Posts Tagged ‘twitter’

Anti-corruption project in competition at N2Y4 Mobile Challenge

6 April 2009

One of our colleagues here at TI has prepared an exciting project for the N2Y4 mobile challenge. In a nutshell, Mosomo-health is looking to make use of mobile phones to bring together information about health-related government spending and connect this data to local knowledge about whether or not funding reaches its intended destination and actually results in on-the-ground infrastructure and public health services.

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In the interest of brevity and to encourage you to head over to the netsquared site this is an extremely abbreviated description of the idea. If you like it thus far, please register (it’s non-profit and there won’t be any spam), go straight here to look at the detailed description of Mosomo-health, give it a star rating and perhaps an additional positive comment in the comments field. If we can create enough of a buzz, then maybe, just maybe, we’ll have a chance to reach the finals of the competition and mobilise some funding to pilot the project.

To get a sense of just how worthwhile this may be, check out the last challenge-winning project Ushahidi and on the contest site.

Thanks in advance for your help in spreading the word!

And while we’re at it, TI’s new twitter has just been named Nonprofit of the Week by Nonprofitorgs. Good reason to follow both.

Fight Against Corruption and Rule of Law Threatened by Twitter?!

17 March 2009

Not in the grand scheme of things, we don’t think. But consider this piece from the NY Times webpage:

And on Monday, defense lawyers in the federal corruption trial of a former Pennsylvania state senator, Vincent J. Fumo, demanded that the judge declare a mistrial after a juror posted updates on the case on Twitter and Facebook. The juror even told his readers that a “big announcement” was coming Monday. But the judge decided to let the trial continue, and the jury found Mr. Fumo guilty. His lawyers plan to use the Internet postings as grounds for appeal.

So much for Twitter and possible unintended consequences in the fight against corruption. Not a good reason to ignore the potential of this technology to create transparency though, is it?

Blogs and tweets inform and help during Mumbai attacks

30 November 2008

The tragic events in Mumbai last week highlighted again how susbtantially the media landscape has changed in the recent past. Literally within minutes after the beginning of the terrorist siege, twitter users, bloggers and flickr users began reporting the events as they unfolded. Established national and international news media quickly began featuring the content provided by private individuals in their own reporting. This Wired blog post has some of the most interesting examples of social media tools used to provide first-hand accounts of the events, including the already prominent flickr collection by Vinu. Gaurav Mishra has written an extremely informative and balanced account on the use and impact of social media tools during the days of the siege. He suggests that while Twitter was used heavily to send first-hand news, there was somewhat less original citizen reporting through blogs than could have been expected.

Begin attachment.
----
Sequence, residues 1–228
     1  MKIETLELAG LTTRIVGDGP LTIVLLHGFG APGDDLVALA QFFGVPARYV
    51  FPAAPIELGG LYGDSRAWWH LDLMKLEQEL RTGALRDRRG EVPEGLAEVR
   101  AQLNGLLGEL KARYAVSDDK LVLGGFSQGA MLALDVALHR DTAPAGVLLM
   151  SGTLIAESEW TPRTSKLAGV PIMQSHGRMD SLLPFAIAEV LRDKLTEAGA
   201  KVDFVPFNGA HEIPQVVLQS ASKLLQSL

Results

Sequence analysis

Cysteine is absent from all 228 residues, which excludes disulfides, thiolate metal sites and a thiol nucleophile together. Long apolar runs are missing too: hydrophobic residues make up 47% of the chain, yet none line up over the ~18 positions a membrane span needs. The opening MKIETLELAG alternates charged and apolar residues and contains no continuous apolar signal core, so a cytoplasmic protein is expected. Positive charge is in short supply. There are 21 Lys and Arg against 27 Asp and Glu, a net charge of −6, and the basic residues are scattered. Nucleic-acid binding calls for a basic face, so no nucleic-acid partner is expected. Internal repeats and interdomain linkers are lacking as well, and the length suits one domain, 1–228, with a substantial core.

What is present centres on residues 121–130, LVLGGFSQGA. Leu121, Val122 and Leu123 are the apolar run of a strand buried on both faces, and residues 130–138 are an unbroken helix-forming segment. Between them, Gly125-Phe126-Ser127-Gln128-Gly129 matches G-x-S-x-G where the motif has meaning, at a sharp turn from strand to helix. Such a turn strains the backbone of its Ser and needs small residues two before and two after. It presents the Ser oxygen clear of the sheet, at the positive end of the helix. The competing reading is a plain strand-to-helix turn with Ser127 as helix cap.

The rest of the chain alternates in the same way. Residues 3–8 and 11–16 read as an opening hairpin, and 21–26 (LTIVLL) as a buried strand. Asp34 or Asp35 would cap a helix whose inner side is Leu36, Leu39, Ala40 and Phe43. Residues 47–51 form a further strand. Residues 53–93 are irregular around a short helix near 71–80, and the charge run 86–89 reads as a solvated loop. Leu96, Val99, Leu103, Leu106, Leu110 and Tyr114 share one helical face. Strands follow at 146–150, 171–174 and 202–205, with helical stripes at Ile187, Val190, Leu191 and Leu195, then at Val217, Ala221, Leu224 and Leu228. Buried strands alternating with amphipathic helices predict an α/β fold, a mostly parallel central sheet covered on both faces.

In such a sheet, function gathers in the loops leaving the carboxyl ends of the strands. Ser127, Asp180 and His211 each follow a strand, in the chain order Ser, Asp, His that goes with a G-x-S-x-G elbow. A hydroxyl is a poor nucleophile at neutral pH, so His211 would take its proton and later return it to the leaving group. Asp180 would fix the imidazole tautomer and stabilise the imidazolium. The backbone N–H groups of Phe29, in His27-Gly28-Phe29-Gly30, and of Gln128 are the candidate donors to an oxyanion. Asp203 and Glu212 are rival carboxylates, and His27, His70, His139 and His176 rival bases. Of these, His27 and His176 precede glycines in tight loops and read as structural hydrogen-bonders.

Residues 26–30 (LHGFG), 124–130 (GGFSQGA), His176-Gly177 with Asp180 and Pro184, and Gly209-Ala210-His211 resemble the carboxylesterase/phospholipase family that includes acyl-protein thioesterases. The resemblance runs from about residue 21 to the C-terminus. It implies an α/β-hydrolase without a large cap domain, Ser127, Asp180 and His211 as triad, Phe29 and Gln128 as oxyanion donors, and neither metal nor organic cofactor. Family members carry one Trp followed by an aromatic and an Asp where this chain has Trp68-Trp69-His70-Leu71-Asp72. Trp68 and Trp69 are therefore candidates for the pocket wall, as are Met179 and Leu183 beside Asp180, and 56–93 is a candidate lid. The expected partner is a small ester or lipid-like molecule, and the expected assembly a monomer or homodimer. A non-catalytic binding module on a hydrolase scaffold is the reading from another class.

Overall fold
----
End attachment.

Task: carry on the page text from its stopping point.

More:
The horrific violence perpetrated against the people of Mumbai and their visitors in the attacks brought out the best in people as well: empathy and the desire to help others in the wake of terror. As pointed out by Asfaq Tapia, volunteer spirit and social media complemented each other in this situation to deliver critical information faster and more comprehensively than traditional news and rescue services could:

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Blogging for change in Africa

20 October 2008
Kelele | The African Bloggers Conference

Kelele | The African Bloggers Conference

I just came across the announcement for the Annual African Bloggers Conference planned to take place in 2009 in Kenya via the blog of the Association of Progressive Communicators. This prompted me to address one of the key questions when looking at social media for development.

The main challenge for using social media concepts, and the internet in general, is that many people, especially in the developing world, still don’t have access to it (see this statistics overview, wikipedia, as well as this nice map).

However, usage rates are growing tremendously, especially in Africa and the Middle East, and initiatives such as the bloggers conference give hope that the internet, as a genuine grassroots media, can reach not only the few. Through the internet and information sources such as blogs, the entrance barrier to join a political dialogue and the public sphere are much easier than through traditional media and TV.

A while ago, this article looked at South Africa and the influence bloggers and “citizen journalism” have on the political dialogue in the country, arguing that, while not yet in a scale as in the US, bloggers are are joining the discourse and start receiving attention by the media.

Of course, radio on the other hand still advantages providing a platform for discussions. Community radio projects keep to be successful around the world. A great initiative addressing how to tie in both media is the Radio 2.0 for development blog. See also a related post presenting the publication: Fighting Poverty: Utilizing Community Media in a Digital Age.

Merging text messaging and social media tools such as twitter provide another opportunity that will be discussed in a following post.

People are starting to make noise. With corruption being one of the main obstacles for development, there is the potential and the need to start engaging into social media tools and not write off the continent, just because of the technical challenges that still need to be overcome.